Bring a Side of Folic Acid to Your Holiday Party

The holiday season is upon us. Gatherings will soon begin with family and friends celebrating another year coming to an end and looking forward to the next.

This year, bring something unique and delicious to your holiday meal, a dish that’s jam packed with nutrients and vitamins, including folic acid.

There are natural ways to consume folic acid. Leafy green vegetables such as spinach, asparagus, Brussels sprouts, citrus fruits, legumes and beans, rice, breads, and beets are just a few.

We’ve gathered three delicious side dish recipes that are perfect to bring to your holiday gathering.

Roasted Asparagus

As we mentioned, asparagus has folic acid. In fact, a half-cup of cooked asparagus (90-gram) contains about 134 mcg of folate, the natural form of folic acid.

Preheat the oven to 425 degrees F (220 degrees C).

Break off the tough ends of each asparagus and toss them in a mixing bowl with a drizzle of olive oil. Mix in parmesan cheese, garlic, salt, and pepper, or whatever seasonings you prefer.

Lay the stalks in an oven-safe pan then drizzle the olive oil left in the bowl on top. Bake in the over until just tender, 12 to 15 minutes.

Serve and enjoy.

Fried Brussels Sprouts with Lemon, Mint, and Buttermilk

Brussels sprouts are full of vitamins and minerals and are especially high in folate. A half-cup of cooked Brussels sprouts (78-gram) can have 47 mcg of folate.

Start with the buttermilk dressing. Put 1/3 cup buttermilk, ½ tsp Dijon mustard, 1 tbs crème fraiche, ½ tsp lemon juice, and 1 tbs olive oil into a small food processor and whiz until smooth. Add a little salt and pepper and set aside.

Preheat the oven to 400 degrees F (200 degrees C).

Now prep the rest of the ingredients. Trim and cut in half lengthwise 500g of Brussels sprouts. Roughly chop two cloves of garlic. Grate 1/3 cup of parmesan. Finely shred ¼ bunch of mint leaves. Zest one lemon.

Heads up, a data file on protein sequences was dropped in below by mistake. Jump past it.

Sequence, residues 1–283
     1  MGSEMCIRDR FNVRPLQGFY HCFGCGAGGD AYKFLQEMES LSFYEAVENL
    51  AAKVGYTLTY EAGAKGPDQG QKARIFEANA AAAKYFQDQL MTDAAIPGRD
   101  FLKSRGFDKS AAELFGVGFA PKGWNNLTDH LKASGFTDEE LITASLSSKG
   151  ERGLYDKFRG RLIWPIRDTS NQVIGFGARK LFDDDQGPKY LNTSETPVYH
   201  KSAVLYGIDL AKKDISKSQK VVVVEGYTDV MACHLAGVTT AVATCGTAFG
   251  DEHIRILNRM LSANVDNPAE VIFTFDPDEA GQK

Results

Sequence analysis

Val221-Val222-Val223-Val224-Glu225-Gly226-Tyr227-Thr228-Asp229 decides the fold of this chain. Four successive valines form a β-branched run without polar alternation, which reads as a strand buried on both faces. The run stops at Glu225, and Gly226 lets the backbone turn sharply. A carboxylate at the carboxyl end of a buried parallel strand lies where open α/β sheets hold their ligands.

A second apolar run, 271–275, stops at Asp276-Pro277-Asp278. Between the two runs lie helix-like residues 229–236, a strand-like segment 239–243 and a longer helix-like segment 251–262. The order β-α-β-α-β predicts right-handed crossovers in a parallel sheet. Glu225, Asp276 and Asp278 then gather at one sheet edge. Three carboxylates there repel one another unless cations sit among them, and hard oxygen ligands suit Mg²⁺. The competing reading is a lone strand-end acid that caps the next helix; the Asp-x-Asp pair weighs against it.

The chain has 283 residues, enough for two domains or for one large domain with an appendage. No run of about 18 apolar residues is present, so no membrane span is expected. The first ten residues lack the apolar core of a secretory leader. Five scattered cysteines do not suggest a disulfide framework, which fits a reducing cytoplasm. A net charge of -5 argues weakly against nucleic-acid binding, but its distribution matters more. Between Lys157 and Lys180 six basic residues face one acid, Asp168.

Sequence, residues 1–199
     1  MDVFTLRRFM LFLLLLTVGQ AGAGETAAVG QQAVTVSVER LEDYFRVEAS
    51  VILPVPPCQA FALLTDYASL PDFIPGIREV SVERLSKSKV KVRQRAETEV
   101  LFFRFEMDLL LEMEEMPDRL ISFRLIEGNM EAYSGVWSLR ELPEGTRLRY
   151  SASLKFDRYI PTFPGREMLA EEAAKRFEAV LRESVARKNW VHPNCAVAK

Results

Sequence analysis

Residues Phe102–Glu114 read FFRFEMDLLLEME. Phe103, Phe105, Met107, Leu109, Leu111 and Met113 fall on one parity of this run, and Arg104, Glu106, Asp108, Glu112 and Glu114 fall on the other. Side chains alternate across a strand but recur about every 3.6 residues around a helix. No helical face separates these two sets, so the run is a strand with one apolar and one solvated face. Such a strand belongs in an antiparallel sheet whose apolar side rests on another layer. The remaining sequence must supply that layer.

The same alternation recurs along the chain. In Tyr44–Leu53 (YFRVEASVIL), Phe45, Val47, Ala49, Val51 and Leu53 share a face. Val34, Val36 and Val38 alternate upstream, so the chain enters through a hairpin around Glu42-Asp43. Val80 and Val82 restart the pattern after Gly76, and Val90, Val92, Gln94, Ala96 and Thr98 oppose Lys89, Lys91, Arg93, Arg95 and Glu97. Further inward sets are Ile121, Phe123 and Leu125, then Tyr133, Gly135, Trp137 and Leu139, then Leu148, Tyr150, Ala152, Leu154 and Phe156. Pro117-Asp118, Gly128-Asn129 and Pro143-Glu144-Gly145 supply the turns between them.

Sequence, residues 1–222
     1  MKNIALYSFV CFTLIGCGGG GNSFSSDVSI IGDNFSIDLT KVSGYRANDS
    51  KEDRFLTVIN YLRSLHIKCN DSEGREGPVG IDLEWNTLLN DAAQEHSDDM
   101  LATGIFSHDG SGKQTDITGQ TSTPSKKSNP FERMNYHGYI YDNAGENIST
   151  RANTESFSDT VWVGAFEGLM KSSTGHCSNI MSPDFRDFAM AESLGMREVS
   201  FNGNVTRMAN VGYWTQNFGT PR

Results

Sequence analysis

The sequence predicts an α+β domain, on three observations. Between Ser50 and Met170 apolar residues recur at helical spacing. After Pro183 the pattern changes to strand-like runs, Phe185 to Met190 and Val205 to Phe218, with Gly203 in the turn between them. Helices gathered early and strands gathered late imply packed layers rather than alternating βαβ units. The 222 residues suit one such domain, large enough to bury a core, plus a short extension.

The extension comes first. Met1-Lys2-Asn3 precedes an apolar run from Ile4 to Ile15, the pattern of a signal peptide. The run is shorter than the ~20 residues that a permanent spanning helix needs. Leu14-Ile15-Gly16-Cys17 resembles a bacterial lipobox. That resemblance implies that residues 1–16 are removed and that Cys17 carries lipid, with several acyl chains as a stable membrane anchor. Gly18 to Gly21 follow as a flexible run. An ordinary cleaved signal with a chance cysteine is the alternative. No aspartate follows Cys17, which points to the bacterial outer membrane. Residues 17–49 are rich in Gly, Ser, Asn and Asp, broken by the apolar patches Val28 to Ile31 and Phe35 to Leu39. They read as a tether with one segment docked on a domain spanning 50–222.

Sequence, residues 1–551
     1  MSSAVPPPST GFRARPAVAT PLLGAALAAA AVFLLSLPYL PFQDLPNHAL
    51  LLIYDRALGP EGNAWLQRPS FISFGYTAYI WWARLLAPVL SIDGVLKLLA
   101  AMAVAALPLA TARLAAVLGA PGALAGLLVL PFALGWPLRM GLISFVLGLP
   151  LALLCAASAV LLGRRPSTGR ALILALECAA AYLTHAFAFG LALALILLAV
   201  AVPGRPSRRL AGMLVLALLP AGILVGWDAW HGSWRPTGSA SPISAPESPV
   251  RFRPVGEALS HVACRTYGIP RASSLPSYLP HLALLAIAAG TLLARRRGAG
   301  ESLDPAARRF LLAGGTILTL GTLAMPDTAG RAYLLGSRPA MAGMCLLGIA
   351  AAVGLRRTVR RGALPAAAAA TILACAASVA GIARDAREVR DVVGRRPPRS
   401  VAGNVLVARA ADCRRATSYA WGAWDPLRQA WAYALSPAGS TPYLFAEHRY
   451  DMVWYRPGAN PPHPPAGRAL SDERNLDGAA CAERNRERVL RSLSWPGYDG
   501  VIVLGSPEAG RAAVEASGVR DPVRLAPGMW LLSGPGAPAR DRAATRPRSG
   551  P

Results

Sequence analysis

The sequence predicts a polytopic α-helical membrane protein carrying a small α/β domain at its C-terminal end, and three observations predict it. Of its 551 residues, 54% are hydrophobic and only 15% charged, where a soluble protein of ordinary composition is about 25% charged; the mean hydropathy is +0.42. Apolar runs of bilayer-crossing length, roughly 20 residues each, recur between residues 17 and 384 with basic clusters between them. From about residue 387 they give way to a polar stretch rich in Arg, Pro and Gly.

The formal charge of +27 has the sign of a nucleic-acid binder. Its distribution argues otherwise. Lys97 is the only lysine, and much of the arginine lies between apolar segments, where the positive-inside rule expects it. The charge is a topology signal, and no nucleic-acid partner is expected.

Heat olive oil in a large, ovenproof skillet over medium-high heat. Add the sprouts, garlic, lemon zest, and two bay leaves and cook. Turn them for 3-4 minutes until lightly caramelized. Pop the pan in the oven and bake for 8 to 10 minutes or until golden and al dente.

Once out of the oven, put the sprouts and pre-made dressing into a mixing bowl and toss to combine. Return the sprouts to the skillet. Add the parmesan to the top and cook on top of the stove over high heat for 3-4 minutes until the parmesan is melted, golden, and the dressing has slightly thickened.

Toss on the mint and enjoy!

(Recipe courtesy: delicious.com)

Black-Eyed Pea Dip

Of all of the beans, black beans have the most folic acid. A half-cup can pack 105 mcg.

You’re going to need to make this one the night before and refrigerate overnight.

In a very large bowl, combine the following:

  • 1 (15 ounce) can of black-eyed peas, rinsed and drained
  • 4 green onions, chopped
  • 2 tbs of white sugar
  • ¼ cup of olive oil
  • 2 cloves of garlic, chopped
  • 2 Roma (plum) tomatoes, chopped
  • ½ bunch of fresh cilantro, chopped
  • 3 tbs of balsamic vinegar
  • ¼ tsp salt
  • 1 minced jalapeno pepper (optional)

Mix well in a large bowl and refrigerate for at least six hours before serving.